Frances Ha

Released: 2012
Director: Noah Baumbach (also directed The Squid and the Whale, Greenburg, While We’re Young)
Screenplay: Greta Gerwig, Noah Baumbach
Starring: Greta Gerwig, Mickey Sumner, Adam Driver
Watched: December 2015
Rating: 4.5/5


Frances Halladay (Greta Gerwig) is a 29 year old dancer living in New York, apprentice at a dance company and hoping to finally make it into the company. She lives with her best friend from college Sophie (Mickey Sumner), an editor at Random House. The two of them are immensely close until Sophie decides to move into a new apartment in her dream New York suburb Tribeca with someone else, leaving Frances unable to pay the rent. The film follows Frances through a variety of new abodes as she tries to keep hold of the dreams she’s held on for so long while everyone else is moving on and growing up around her.

This is a friend of mine’s favourite film and I finally got round to watching, not sure what to expect but I was sure it would be good as my friend’s recommendations usually are. She did not fail me because I did enjoy this film a lot. And more than that, the feel of this film has really stuck with and often scenes from the film kind of float into my mind which has kept this film in my conscious.

Firstly what made me love this film is that it is about friendship. A very real and rich friendship of two girls. While romantic topics and possible romantic partners for Frances exist in the film, that takes a side line to the friendship, an incredibly refreshing flip to the mainstream.
Frances describes their friendship as “We’re basically the same person” but it’s pretty clear to the audience early on that Frances and Sophie are very different in their own ways. Sophie moves in with her long time boyfriend Patch (Patrick Huesinger) and they both move Tokyo for his work, something Frances cannot understand, especially as she doesn’t particularly like Patch. So alongside Frances working out her place in the world, this film is about her coming to understand that friendships are fluid and to accept that Sophie changing her world doesn’t have to change their friendship.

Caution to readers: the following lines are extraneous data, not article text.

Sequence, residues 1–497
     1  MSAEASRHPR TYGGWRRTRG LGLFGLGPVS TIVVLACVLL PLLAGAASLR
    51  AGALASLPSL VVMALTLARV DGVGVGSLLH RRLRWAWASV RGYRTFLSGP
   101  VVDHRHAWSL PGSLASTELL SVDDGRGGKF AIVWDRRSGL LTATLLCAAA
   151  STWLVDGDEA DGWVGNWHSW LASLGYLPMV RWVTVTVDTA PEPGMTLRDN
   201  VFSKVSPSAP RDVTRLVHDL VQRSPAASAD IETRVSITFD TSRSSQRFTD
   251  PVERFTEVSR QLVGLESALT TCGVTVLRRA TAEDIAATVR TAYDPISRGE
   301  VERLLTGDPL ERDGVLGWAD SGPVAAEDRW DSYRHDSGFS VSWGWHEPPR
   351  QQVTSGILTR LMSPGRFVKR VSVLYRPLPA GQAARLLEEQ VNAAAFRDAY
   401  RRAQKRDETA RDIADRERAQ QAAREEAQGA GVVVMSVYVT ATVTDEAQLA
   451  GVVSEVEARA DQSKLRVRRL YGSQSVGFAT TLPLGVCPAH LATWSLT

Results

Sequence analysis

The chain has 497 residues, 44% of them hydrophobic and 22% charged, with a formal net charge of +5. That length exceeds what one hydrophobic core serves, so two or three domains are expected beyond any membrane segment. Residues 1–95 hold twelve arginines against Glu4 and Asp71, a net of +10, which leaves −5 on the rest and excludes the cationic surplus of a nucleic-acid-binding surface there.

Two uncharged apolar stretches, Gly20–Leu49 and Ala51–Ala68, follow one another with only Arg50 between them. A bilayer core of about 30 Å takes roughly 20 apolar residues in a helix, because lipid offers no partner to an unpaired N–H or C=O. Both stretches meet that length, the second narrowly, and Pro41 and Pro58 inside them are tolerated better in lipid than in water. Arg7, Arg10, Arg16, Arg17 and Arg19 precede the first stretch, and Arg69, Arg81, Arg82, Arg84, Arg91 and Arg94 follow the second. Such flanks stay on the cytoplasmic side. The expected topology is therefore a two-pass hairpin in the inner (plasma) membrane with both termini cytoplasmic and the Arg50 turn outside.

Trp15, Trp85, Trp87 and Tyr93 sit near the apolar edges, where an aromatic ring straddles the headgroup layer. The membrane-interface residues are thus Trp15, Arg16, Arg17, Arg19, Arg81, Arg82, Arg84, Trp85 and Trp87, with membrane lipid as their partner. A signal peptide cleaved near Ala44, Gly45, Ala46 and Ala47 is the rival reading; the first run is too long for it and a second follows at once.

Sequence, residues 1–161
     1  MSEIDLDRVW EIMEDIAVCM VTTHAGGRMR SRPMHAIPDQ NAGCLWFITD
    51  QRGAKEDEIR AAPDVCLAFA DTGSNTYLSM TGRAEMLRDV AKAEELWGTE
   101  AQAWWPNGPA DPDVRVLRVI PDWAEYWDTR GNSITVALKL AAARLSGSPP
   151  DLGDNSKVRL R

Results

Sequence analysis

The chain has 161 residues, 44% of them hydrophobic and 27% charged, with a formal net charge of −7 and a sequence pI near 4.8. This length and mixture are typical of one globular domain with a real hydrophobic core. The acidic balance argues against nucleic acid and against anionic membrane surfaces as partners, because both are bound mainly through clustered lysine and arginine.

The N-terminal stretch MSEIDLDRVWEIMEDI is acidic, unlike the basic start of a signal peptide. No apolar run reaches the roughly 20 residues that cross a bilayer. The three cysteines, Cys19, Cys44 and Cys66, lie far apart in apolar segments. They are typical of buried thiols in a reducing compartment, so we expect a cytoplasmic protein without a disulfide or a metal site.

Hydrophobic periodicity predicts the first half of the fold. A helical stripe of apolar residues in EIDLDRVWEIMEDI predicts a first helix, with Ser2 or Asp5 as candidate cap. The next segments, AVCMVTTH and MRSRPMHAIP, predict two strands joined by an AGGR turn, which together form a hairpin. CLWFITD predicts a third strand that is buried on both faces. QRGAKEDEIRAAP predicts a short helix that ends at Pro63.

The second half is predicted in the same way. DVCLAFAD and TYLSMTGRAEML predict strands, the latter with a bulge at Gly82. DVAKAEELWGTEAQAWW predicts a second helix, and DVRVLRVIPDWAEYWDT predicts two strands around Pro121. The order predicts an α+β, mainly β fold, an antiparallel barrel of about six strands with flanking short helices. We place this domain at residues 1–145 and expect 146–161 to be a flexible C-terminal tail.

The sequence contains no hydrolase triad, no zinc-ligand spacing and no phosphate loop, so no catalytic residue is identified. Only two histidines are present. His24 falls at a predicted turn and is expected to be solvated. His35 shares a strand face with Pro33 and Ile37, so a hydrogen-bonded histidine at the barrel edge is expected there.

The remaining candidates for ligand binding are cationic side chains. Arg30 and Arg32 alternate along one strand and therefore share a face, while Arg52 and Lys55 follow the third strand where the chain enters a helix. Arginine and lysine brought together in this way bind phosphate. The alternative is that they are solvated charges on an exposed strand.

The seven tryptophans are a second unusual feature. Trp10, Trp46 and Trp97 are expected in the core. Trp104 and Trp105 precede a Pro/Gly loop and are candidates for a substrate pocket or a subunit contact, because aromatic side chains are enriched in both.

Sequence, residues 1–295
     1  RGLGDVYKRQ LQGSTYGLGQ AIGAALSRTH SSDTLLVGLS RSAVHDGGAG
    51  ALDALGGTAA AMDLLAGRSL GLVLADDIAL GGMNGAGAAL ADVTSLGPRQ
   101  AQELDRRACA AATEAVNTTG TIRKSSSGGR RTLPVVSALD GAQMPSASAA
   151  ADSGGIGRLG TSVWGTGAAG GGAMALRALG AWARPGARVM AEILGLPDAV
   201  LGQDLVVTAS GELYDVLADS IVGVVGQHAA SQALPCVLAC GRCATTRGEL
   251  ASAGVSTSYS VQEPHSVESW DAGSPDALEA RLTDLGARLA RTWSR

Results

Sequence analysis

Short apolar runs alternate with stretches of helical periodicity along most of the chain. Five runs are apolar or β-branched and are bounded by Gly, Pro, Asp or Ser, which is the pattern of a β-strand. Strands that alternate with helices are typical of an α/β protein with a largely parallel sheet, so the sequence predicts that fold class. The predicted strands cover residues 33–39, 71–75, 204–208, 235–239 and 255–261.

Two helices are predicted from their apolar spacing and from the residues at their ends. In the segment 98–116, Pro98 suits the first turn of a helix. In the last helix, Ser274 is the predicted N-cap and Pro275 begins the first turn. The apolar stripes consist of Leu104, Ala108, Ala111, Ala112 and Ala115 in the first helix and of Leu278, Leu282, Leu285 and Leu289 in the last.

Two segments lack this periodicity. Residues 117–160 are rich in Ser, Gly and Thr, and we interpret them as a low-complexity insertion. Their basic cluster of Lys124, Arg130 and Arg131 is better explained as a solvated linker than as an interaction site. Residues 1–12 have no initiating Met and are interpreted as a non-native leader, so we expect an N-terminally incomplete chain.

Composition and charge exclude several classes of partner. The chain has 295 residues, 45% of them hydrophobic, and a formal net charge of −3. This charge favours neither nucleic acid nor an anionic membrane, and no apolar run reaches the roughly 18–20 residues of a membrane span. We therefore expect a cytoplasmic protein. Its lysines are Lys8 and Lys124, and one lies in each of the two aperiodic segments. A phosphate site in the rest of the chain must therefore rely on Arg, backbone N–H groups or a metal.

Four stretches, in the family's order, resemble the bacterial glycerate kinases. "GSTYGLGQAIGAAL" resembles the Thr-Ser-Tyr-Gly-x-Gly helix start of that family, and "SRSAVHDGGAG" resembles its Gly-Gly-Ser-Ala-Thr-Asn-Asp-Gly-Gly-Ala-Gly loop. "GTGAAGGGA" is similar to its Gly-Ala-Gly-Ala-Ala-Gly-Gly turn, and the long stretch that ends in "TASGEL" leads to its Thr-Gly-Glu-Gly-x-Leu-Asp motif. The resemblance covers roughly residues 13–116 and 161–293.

Secondly you’d have to be a hard hearted person not to love Greta Gerwig’s Frances. Although bumbling and naïve, she never crosses the line into annoying and her friendly and enthusiastic manner is infectious. She’s not refusing to grow up as such, just oblivious as to why anyone would want to, happy as she is with her life with Sophie and still steadfastly believing in her long held dream of being a dancer. When she starts lying to others about being better off than she is, it feels like a panicked response of having reached an age of sudden expected stability and life direction which she herself has no particular interest in. The scene with Frances dining with a bunch of “adults” perfectly encapsulates what it’s like to be among people who might be the same age and live in the same place as you, but have a completely different understanding of their life and world around them.

Each chapter of the move begins with Frances new address as she moves around, unable to pay her rent when she is told she won’t be asked to join the dance company, the sole income she was relying on. Her relative poverty is contrasted with two male friends she moves in with, who like to see themselves as struggling artists but in reality are secure financially by wealthy relatives. She never pities herself though, in one conversation talking about how she is still immensely privileged.

Some might find the black and white pretentious, I felt it was perfectly suited. New York has been filmed countless times as this big, vibrant, colourful city and the black and white helped to confine the film to its own smallness and a reminder of how the inhabitants of new might see their city. It also helped evoke the obvious French new Wave influences to the film.
The soundtrack also is evocative and definitely sounded like a playlist of Frances’ own making.

The movie culminates in Frances returning to her old college to work. Inevitably she finds even going back there can’t bring back her college years and she comes to realise that relinquishing her dancing dream and her wish to be forever young is, rather than the end, a new beginning. On her old dance teacher’s advice she finds passion in dance choreography, working a desk job at the school to pay the bills and she reignites her friendship with Sophie. The final scene is her moving into a new apartment of her own, representing her new found independence and a feeling that her future is full of possibilities, that she can do whatever she likes and it is all of her own making.




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